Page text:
From MSDN doc:

public bool Contains(
    string value

Return Value: true if the value parameter occurs within this string, or if value is the empty string (""); otherwise, false.

Exception: ArgumentNullException: value is null.


string s = string.Empty; //or string s = "";
Console.WriteLine(s.Contains("Hello World!")); //output: False

If I change it to:

   string s = null; //or string s;
   Console.WriteLine(s.Contains("Hello World!"));
catch (Exception e)

It'll throw an error message: Object reference not set to an instance of an object since string doesn't have a default value (like "") from Default Values Table (C# Reference),

Please come back to the example, the code will work if I declare s:

string s = "";

Now, Object s is set to an instance of an object.

So, my question is: Does MSDN forgot something like: s cannot be null?

To check it, I've tried:

string s = null;
Console.WriteLine(!string.IsNullOrEmpty(s) ? s.Contains("Hello World!") : false);

It should work.


You changed the value with the instance.


Here myString is the instance on which you call the method Contains, whereas anotherString is the value passed to the method. If this value is null the method will throw an ArgumentNullException.

When changing the instance to null on the other hand it surely leads to NRE as you can´t call any member on a null-reference. However if you set it to string.empty Contains will return false because the empty string does not contain anything (in particular string.empty does not contain "Hello World", however "Hello world" contains the empty string).

So the following returns false:

Console.WriteLine(string.Empty.Contains("Hello World"));

Whilst this returns true:

Console.WriteLine("Hello World".Contains(string.Empty));

Anyway what you want to check is if the empty string IS contained in any other one:

var retVal = myString.Contains(string.empty);

Which should return true.

Furthermore myString.Contains(null) leads to ArgumentNullException

On the other side null.Contains(aString) leads to the NRE.


the new compilier allows you to do it with the condition check simplified.

string s = null;
Console.WriteLine(s?.Contains("Hello World!"));

It sounds like this question is more about the difference between value types (which cannot be null) and reference types (which can be). In C# and other OO languages it's to do with memory handling.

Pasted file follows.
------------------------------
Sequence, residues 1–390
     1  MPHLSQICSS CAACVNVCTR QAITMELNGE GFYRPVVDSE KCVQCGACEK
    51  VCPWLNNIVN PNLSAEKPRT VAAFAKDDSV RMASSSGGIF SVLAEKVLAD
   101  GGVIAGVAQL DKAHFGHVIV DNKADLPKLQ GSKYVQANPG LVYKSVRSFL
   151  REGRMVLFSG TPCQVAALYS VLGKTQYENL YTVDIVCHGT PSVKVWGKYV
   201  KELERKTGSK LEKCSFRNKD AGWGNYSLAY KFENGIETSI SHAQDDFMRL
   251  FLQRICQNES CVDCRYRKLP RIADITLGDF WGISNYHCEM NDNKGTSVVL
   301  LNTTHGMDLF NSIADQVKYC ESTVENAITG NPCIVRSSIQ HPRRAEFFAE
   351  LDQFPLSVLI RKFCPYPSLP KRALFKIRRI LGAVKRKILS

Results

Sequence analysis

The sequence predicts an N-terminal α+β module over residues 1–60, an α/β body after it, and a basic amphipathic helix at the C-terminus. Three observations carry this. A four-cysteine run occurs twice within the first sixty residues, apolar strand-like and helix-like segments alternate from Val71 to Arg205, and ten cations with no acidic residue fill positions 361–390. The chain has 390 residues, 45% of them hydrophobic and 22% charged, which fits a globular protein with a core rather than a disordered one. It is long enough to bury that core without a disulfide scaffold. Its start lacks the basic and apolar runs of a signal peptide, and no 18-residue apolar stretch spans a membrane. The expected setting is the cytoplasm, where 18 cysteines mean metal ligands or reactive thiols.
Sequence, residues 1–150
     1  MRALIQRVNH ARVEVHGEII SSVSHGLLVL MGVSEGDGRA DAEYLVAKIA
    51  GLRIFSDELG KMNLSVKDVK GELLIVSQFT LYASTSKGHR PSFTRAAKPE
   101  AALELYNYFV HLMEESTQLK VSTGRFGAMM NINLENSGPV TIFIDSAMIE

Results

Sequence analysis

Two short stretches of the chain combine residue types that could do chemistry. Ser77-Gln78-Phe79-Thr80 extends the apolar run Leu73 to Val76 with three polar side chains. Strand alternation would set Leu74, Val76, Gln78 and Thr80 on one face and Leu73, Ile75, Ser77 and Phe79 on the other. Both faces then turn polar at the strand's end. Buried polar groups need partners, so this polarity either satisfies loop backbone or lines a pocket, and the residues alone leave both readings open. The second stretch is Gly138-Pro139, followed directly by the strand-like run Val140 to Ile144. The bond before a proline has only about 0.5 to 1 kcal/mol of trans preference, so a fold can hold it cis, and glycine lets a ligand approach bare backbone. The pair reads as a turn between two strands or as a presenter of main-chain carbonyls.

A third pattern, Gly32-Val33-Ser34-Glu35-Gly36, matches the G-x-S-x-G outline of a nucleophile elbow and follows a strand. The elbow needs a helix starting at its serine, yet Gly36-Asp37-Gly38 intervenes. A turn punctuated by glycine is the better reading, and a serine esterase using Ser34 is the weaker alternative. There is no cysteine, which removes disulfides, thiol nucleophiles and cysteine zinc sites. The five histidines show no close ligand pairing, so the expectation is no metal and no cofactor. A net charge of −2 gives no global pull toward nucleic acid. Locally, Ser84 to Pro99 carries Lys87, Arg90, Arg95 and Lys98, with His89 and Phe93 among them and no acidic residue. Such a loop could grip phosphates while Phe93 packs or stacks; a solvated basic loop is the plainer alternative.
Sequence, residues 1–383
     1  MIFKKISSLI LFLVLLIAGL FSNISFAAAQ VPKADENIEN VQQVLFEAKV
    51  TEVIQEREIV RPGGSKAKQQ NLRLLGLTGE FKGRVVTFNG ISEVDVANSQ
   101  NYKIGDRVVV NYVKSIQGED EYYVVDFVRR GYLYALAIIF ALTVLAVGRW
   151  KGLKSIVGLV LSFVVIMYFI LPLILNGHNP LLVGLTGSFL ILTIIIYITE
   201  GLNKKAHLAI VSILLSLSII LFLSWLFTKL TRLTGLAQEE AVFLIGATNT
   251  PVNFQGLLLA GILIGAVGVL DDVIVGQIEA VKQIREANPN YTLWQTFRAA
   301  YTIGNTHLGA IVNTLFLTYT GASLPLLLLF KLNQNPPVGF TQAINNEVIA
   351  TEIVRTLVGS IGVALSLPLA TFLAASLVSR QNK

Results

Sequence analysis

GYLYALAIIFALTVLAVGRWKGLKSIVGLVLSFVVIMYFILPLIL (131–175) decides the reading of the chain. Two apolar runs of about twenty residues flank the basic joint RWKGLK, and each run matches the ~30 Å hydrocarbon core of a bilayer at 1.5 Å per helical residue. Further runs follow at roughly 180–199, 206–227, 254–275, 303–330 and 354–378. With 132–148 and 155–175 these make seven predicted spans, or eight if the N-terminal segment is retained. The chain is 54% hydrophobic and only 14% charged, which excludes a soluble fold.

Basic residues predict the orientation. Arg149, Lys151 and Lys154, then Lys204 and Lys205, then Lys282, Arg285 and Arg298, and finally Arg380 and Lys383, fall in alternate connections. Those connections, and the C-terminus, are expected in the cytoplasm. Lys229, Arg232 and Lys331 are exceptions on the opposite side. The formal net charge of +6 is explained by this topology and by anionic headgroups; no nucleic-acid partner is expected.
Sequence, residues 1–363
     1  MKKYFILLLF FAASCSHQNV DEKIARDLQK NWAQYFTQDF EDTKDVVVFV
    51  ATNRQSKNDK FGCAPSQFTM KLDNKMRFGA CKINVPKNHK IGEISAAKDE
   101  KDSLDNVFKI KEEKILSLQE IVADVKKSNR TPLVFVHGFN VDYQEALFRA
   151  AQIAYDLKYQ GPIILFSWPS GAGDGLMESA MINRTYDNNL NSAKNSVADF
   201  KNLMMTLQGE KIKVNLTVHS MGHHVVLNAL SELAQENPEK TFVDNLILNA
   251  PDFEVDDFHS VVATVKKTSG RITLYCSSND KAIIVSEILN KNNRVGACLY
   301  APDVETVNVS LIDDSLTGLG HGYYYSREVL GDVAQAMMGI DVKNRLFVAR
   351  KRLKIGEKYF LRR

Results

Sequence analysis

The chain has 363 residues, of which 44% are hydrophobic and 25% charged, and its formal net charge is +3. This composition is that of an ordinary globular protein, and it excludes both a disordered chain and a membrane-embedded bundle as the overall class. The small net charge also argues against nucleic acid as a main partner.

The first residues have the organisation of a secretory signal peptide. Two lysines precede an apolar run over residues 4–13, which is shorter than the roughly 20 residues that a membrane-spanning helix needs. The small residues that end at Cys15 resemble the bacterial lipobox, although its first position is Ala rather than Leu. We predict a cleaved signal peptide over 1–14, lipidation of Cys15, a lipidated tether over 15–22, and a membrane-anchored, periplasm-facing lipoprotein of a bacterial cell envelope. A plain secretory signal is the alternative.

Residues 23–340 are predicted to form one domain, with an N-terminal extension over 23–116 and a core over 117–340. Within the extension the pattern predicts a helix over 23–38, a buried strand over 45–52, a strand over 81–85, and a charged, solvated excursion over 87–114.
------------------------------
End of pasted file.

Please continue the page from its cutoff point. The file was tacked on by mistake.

The value types listed in your MSDN article are all of a known size - e.g. int will always be 32 bits in size etc. Under the hood, these are all structs. As they are of fixed size regardless of the value, C# stores them on the call stack. As null by definition doesn't refer to anything, it has no size. It doesn't make sense for something that exists with a fixed size to also exist with no size.

If you read the documentation for string on MSDN a little closer, you'll see the string is a class not a struct. This is because a string can be of any length you like, so it has to be stored as a pointer to some data on the heap. When you declare a reference type variable, it creates a pointer on the stack to a location on the heap, but there won't be anything at that address until you give that variable a value. Until then, the pointer for that variable is pointing and memory containing literally nothing - i.e. null and it doesn't make sense to try to find "Hello World!" in nothing. An empty string is still a string, but null is literally nothing.

This is probably more detail than you were expecting, but it's good to have an appreciation of the underlying principles of a language, even if you don't need them day to day. This article is well worth a read if you want to go a little more in depth. The idea of null can be a weird concept to get your head around, but once you get the hang of it, it all makes sense, honest!

  • Oh. Sorry. But I haven't read any document yet which says the string is a class not a struct. I agree with you that string is a reference type which is stored in Heap. But if string is a class, I can declare property for a string, can't I? Maybe I don't understand you mean. – Foo Nov 27 '15 at 10:41
  • It doesn't explicitly say it, but if you look at the syntax for string and int, one is a class and one is a struct. As for properties, the string class has two properties, Length and Chars, however they're defined so that you can only get their values, not set them - that wouldn't make sense! – Mourndark Nov 27 '15 at 10:48
  • string and class are 2 objects. It's not for struct and int. struct and int are value types, not reference types. You cannot compare them. – Foo Nov 27 '15 at 10:56

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